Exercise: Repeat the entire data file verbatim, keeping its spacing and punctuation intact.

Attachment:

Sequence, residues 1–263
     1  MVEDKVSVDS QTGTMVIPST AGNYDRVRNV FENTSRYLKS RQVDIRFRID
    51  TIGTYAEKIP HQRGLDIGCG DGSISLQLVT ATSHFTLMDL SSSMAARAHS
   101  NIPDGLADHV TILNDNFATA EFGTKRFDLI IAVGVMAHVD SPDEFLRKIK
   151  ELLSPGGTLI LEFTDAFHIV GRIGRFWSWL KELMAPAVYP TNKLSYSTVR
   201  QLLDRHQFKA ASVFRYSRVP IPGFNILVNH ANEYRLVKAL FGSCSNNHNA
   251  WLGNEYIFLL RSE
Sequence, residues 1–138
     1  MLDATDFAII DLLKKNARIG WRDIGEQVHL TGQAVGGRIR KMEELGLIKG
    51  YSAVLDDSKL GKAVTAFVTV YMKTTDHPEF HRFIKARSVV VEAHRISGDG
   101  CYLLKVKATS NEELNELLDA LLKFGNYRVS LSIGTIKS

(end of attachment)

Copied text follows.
Sequence, residues 1–263
     1  MVEDKVSVDS QTGTMVIPST AGNYDRVRNV FENTSRYLKS RQVDIRFRID
    51  TIGTYAEKIP HQRGLDIGCG DGSISLQLVT ATSHFTLMDL SSSMAARAHS
   101  NIPDGLADHV TILNDNFATA EFGTKRFDLI IAVGVMAHVD SPDEFLRKIK
   151  ELLSPGGTLI LEFTDAFHIV GRIGRFWSWL KELMAPAVYP TNKLSYSTVR
   201  QLLDRHQFKA ASVFRYSRVP IPGFNILVNH ANEYRLVKAL FGSCSNNHNA
   251  WLGNEYIFLL RSE
Sequence, residues 1–138
     1  MLDATDFAII DLLKKNARIG WRDIGEQVHL TGQAVGGRIR KMEELGLIKG
    51  YSAVLDDSKL GKAVTAFVTV YMKTTDHPEF HRFIKARSVV VEAHRISGDG
   101  CYLLKVKATS NEELNELLDA LLKFGNYRVS LSIGTIKS